An Introduction to the Mental Health Parity Act for Consumers
In this edition of our Humanizing Healthcare series, we draw attention to Mental Health and Substance Use Disorders (MH/SUD). Prior to COVID-19 you may never have paid attention to your Mental Health Benefits coverage. However, many of us have been reminded over the last few years of how important MH/SUD benefits can be to ourselves and our loved ones. Since 2020, the incidence of mental illness has skyrocketed across the United States. A study by the Kaiser Family Foundation (1), concluded that “From September 29 – October 11, 2021, 31.6% of adults in the U.S. reported symptoms of anxiety and/or depressive disorder, up from 11.0% in 2019”. The Lancet (2) published the following charts to summarize the impact of the COVID-19 pandemic on mental disorders, by age and gender:
If you work with health plans, you probably already know about Mental Health Parity (MHP) laws. If you don’t, why should you care?
First, many good people, politicians, advocates, healthcare professionals, and policy makers have been working hard for decades to ensure you and your loved ones have equal coverage for MH/SUD conditions as for medical/surgical services. But the rules are complex, and even health plan professionals struggle to maintain compliance.
Second, it is likely that you know someone – a parent, sibling, child, friend, co-worker – who is struggling with or has passed away due to a MH/SUD condition. So, understanding the MHP laws and the benefits that must be covered by your health insurance carrier puts you in a position to make a difference in someone’s life today or in the future when the need arises.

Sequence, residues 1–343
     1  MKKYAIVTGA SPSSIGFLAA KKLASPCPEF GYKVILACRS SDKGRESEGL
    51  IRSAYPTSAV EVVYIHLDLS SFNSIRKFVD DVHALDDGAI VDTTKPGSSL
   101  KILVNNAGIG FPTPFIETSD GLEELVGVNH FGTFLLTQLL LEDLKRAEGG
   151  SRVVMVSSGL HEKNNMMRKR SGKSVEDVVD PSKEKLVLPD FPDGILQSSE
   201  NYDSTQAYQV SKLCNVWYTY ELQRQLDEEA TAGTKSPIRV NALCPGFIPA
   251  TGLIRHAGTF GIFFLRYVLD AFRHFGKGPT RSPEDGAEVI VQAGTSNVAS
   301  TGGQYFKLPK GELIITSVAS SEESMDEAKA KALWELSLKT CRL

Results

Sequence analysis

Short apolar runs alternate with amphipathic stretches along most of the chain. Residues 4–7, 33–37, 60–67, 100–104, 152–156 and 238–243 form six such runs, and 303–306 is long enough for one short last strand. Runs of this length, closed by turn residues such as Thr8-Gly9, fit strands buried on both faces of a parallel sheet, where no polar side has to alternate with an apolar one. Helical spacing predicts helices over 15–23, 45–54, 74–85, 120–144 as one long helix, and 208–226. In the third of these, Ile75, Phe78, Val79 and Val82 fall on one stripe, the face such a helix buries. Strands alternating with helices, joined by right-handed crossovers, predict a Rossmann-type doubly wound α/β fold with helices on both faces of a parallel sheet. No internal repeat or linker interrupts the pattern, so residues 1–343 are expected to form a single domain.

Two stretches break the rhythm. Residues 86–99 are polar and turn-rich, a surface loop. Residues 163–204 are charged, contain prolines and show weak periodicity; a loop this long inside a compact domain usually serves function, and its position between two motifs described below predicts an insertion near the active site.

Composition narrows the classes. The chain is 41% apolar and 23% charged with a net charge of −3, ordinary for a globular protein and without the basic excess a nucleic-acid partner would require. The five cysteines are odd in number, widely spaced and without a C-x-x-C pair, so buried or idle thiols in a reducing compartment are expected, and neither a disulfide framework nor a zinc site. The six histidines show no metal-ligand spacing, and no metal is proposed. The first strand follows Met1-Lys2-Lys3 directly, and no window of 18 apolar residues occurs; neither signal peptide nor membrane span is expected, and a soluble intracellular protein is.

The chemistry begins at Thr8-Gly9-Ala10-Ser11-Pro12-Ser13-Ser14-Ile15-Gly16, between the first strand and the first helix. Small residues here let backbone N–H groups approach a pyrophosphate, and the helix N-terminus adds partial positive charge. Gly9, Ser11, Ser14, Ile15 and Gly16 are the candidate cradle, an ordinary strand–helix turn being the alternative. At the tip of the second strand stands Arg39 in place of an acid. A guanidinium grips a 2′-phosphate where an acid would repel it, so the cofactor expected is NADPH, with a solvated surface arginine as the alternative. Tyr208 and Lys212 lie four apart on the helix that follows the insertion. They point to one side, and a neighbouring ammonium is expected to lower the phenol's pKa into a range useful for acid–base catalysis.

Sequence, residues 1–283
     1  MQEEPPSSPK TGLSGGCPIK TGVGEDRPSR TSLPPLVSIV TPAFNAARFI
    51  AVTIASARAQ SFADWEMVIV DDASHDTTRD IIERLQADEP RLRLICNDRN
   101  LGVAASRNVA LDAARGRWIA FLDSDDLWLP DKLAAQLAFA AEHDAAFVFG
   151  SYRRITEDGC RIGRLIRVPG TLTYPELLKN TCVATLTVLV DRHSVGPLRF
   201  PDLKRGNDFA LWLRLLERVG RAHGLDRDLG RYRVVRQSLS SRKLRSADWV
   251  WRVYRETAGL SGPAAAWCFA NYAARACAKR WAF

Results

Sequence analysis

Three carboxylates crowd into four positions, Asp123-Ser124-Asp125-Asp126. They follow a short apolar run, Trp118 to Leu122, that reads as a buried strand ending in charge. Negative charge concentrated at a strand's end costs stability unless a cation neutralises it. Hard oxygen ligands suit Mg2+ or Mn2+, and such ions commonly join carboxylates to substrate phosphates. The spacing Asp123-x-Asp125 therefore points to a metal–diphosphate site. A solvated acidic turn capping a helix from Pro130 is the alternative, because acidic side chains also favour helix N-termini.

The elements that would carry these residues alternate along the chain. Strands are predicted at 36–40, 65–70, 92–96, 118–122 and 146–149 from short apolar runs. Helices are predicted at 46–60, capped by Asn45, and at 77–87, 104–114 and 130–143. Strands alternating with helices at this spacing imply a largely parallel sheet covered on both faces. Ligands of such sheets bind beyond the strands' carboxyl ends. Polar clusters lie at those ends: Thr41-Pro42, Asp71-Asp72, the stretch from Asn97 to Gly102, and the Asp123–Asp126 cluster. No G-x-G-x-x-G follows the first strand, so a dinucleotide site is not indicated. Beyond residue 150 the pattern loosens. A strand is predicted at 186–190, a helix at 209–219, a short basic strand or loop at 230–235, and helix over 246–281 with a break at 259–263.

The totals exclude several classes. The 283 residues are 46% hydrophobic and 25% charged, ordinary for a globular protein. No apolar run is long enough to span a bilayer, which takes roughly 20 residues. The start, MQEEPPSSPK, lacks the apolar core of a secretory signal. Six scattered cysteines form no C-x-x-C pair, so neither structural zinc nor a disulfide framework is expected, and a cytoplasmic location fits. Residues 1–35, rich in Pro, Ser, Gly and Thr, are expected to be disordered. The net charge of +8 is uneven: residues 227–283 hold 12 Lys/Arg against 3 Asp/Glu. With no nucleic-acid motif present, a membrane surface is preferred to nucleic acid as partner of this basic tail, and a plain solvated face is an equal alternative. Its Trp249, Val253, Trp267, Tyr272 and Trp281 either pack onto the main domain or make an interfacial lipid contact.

Historically, mental health services were not covered in the same way as medical/surgical services. There were no regulations mandating insurance plans to cover MH/SUD conditions. And even when such conditions were covered, they typically were subject to higher cost shares and treatment caps than medical/surgical services. The goal of mental health parity laws has been to ensure your health insurance covers mental health and substance use disorder (MH/SUD) services at the same level as medical/surgical services (parity in coverage).
On 26 September 1996, President Bill Clinton signed the Mental Health Parity Act (MHPA)(3) into law as the first step towards this goal. The MHPA required group health plans and insurance carriers offering mental health benefits to ensure annual and lifetime dollar limits on mental health services are not lower than dollar limits on medical/surgical services.
In 2008, the MHPA was superseded by “The Paul Wellstone and Pete Domenici Mental Health Parity and Addiction Equity Act of 2008 (MHPAEA)”, which was signed into law by President George W. Bush. The MHPAEA expanded the MHPA and addressed the issue of parity on financial requirements such as co-pays, deductibles, and out-of-pocket maximums; treatment limits such as caps on visits, inpatient days, etc.; and nonquantitative treatment limits such as medical necessity reviews and prior authorization requirements.
Significantly, neither the MHPA or the MHPAEA required health plans to cover MH/SUD benefits. That changed for small group plans and individual health insurance coverage in 2010, when President Barack H. Obama signed the Patient Protection and Affordable Care Act (ACA). Basically, small group and individual insurance must cover “essential health benefits,” which include MH/SUD benefits. And plans that cover MH/SUD benefits also must comply with federal mental health parity rules.
While actual data is not available, we believe that with the passing of the ACA, most health insurance plans in the country now cover MH/SUD and must comply with these regulations. It is worth noting that health insurance is also regulated at the state level, and some states have even stronger mental health parity laws.
Know Your Rights to Receive Comprehensive Mental Health Coverage